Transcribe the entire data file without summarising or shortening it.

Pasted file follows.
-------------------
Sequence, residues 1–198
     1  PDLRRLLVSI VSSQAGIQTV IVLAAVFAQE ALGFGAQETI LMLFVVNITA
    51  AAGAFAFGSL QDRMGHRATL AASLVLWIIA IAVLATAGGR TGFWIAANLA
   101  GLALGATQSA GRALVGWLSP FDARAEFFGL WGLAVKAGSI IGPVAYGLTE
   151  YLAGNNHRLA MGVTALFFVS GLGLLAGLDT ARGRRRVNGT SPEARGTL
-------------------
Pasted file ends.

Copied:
Sequence, residues 1–198
     1  PDLRRLLVSI VSSQAGIQTV IVLAAVFAQE ALGFGAQETI LMLFVVNITA
    51  AAGAFAFGSL QDRMGHRATL AASLVLWIIA IAVLATAGGR TGFWIAANLA
   101  GLALGATQSA GRALVGWLSP FDARAEFFGL WGLAVKAGSI IGPVAYGLTE
   151  YLAGNNHRLA MGVTALFFVS GLGLLAGLDT ARGRRRVNGT SPEARGTL